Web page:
Letters | Speaking Out and Unity


American Jews Must Speak Out

Recently, in response to the passage by Israel’s Knesset of the so-called Nation-State Bill, responses to the bill from the American Jewish community have been mixed (“We Do Need to Talk, But Don’t Expect Consensus,” July 26). Many high-ranking American Jewish leaders have objected to different aspects of the bill, while others defend it. It is fair to say that the strident arguments on both sides have taken on lives of their own.

Adding his voice to the fray, Exponent editor-in-chief Joshua Runyan’s column portrays correctly some of the issues being debated. He then uses his column to scold American Jews for weighing in on the issues that concern us. He further suggests that, since Israel is a democracy, those wishing to weigh in on issues in Israel should move there and vote: “That’s how democracies work,” he stated. Otherwise, he implied, we have no right to protest.

To make his point, Runyan seems to taunt the 80 percent of Americans who are against the iron-clad control of marriages and divorces in Israel by the Chief Rabbinate. Part of that control involves preventing and/or refusing to recognize marriages or divorces performed in Israel by non-Orthodox rabbis. Of course, 80 percent of American Jews, all non-Orthodox and some Orthodox Jews would like to know that whether here or there, their rabbis and religious status would be recognized throughout the Jewish world.

Israel is a democracy and we should expect this from Israel as well. In fact, as things stand today, Israel is the only westernized country that sanctions by law discrimination against certain (non-Orthodox) Jews and their forms of religious expression.

American Jews are not asking, nor should they ask, for a say in matters of security. But when it comes to the Jewish nature of the state of Israel, when it comes to issues of discrimination against American Jews and when it comes to the status of democracy and religious freedom in Israel, American Jews not only have the right but the obligation to speak out against the injustices and inequities we perceive.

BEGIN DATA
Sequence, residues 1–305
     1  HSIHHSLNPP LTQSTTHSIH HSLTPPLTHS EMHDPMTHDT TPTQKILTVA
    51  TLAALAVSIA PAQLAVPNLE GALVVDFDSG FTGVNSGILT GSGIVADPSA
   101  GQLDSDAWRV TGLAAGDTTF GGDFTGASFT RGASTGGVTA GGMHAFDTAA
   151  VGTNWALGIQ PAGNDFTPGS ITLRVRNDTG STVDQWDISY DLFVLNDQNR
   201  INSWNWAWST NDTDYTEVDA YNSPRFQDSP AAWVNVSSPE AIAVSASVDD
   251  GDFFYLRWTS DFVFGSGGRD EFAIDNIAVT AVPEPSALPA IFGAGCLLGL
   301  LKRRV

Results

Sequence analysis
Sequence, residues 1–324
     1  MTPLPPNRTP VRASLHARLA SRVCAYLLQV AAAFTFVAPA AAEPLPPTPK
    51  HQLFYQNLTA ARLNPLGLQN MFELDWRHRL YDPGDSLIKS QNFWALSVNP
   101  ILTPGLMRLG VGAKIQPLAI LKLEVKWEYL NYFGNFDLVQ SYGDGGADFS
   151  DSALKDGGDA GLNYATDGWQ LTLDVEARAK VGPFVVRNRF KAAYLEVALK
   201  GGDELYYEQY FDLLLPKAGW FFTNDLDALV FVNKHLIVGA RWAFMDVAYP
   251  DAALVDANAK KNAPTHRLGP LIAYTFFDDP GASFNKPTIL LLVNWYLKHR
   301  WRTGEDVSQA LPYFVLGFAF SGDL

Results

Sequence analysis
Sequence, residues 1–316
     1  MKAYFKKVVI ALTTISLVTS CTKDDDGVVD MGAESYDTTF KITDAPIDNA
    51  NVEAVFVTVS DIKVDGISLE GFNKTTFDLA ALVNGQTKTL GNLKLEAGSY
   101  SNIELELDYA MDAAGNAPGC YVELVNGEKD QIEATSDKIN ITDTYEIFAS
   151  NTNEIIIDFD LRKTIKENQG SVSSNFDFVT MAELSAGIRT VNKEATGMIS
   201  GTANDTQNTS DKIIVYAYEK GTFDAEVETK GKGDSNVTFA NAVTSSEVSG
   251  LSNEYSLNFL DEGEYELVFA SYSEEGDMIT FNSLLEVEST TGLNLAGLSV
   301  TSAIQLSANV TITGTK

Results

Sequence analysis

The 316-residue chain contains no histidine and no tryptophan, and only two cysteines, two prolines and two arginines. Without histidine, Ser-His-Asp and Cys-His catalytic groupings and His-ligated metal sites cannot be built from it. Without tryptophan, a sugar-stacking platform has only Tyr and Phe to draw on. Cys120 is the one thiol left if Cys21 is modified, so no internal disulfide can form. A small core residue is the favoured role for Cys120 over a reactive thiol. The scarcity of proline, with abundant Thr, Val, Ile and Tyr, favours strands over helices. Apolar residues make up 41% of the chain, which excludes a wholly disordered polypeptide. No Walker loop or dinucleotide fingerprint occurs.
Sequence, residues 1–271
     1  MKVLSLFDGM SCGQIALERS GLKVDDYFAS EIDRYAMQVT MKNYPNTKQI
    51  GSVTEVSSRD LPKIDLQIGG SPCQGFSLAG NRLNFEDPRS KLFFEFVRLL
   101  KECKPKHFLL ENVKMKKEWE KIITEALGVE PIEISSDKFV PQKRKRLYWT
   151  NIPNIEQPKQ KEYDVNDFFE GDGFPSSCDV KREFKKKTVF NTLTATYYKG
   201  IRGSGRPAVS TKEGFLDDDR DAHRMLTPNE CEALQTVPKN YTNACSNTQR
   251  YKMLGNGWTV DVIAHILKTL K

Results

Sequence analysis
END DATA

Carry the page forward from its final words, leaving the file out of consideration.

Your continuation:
Rabbi Neil Cooper | Temple Beth Hillel-Beth El, Wynnewood

Jewish Success Rooted in Unity

I am disturbed by the tone among letters to the editor of the Exponent (“Dog Whistles Are Real,” Aug. 9). It’s great that so many Jews are active in the political process of our country. We clearly don’t all agree with which political party/philosophy is best for the country and the state of Israel.

Some people feel that Israel is important but they feel the future of this country might be more important. And others feel that Israel is so important that they feel that is their first allegiance.

But I implore those with strong opinions to soften the tone of their discourse. For the most part I have seen few (or zero) people who have been swayed by someone from the other side.

We are a small people. We cannot afford to be split.

Think about the effect a posting will have on the Jewish community. Will it serve to divide or unite? Let’s spend time listening to each other, instead of trying to convince each other.

We will be much stronger if we are together. A generation ago, the Jewish community worked together to help free Soviet Jews. We were successful because we were together.

Bernie Dishler | Elkins Park


Please enter your comment!
Please enter your name here